In the world of ancient Greek philosophy, reality is made up of two alien substances—mind (or ideas, forms) and matter. Instead of the division of Christian thought between the uncreated being of God and the created being of all else, the division is between mind and matter. In all forms of neoplatonism, this Hellenic division prevails, and it is basic to the way modern man regards himself.
It is basic also to intellectualism. The intellectual may philosophically reject Greek dialecticism, but in practice he applies it. The world for him is divided between the men and realm of ideas, and the men and realm of practice and work. The modern university thus perpetuates a Greek faith by its implicit faith that the realm of ideas represents a higher realm than that of practice. Much of the hostility of the intellectuals to capitalism, technology, the life of the middle classes, to manual labor, and much, much more stems from the unacknowledged premise that the life of ideas represents a higher stage of being. This sense of superiority is implicit in academicians, writers, the press, and in all members of the intelligentsia.
The intellectual may philosophically reject Greek dialecticism, but in practice he applies it.
Our concern, however, is more specifically with the seminary, a modern institution for the training of the clergy. The modern seminary is too often a neoplatonic institution through and through. Its concerns are ostensibly Christian; they are in reality ecclesiastical and neoplatonic. We cannot begin to grasp the reason for the faltering life of the church apart from that fact.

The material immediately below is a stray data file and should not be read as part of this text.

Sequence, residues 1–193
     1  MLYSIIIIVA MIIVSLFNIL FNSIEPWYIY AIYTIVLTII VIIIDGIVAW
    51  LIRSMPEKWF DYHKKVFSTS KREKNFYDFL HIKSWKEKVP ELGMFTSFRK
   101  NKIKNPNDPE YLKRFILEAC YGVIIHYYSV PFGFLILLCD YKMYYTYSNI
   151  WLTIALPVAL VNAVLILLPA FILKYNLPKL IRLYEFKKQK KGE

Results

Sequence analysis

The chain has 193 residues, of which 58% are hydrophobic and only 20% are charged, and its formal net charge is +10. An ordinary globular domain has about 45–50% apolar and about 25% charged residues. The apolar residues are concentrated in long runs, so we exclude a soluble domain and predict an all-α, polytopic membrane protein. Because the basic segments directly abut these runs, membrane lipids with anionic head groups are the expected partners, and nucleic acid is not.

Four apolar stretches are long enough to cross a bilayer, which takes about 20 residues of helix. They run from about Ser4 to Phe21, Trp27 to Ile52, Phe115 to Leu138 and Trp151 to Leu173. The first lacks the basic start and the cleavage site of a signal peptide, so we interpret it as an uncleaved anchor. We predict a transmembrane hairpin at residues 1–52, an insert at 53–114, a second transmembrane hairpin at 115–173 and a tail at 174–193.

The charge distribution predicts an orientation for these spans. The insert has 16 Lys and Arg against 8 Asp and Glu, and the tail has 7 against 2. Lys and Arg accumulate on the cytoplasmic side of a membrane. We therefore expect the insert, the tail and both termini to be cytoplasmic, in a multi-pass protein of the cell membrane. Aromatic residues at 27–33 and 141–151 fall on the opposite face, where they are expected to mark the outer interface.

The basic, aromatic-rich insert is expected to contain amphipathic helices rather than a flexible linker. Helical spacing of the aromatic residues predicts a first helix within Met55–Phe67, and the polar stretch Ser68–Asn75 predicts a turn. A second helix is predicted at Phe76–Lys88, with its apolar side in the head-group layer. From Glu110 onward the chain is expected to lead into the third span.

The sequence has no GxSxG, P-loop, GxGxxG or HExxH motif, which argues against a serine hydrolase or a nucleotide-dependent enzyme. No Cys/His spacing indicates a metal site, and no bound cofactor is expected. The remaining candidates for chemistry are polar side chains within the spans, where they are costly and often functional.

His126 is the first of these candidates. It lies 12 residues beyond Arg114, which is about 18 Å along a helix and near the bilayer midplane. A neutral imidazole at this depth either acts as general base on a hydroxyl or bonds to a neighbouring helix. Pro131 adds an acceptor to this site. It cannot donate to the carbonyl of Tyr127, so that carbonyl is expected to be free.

Neoplatonism, with its division of worldy and spiritual realms, has played havoc with Christian belief. Not even a great scholar such as John Calvin was completely devoid of its influence.
For example, in the introduction to his Harmony of the Four Last Books of the Pentateuch, he makes these comments. He claims that “God protests that he never enjoined anything with respect to the Sacrifices: and he pronounced all External Rites but vain and trifling.”
The first part of this statement is rather startling. God never “enjoined” (i.e. imposed) Sacrifices? This statement is an amazing misrepresentation of the Torah. If there is one thing that is very clear, Sacrifices were not only commanded, but also expected, from God’s people.
Did God really pronounce “all External Rites but vain and trifling”? There’s a ‘yes’ and a ‘no’ answer to this question. It is certainly clear that God says that External Rites without faith have no meaning and value in his sight. Time and time again God tells his people that he does not want sacrifices that were external only. The sacrifices were to come from a life of faith and obedience. But this does not mean that God did not want the sacrifices; he just wanted them done the right way and in the right spirit.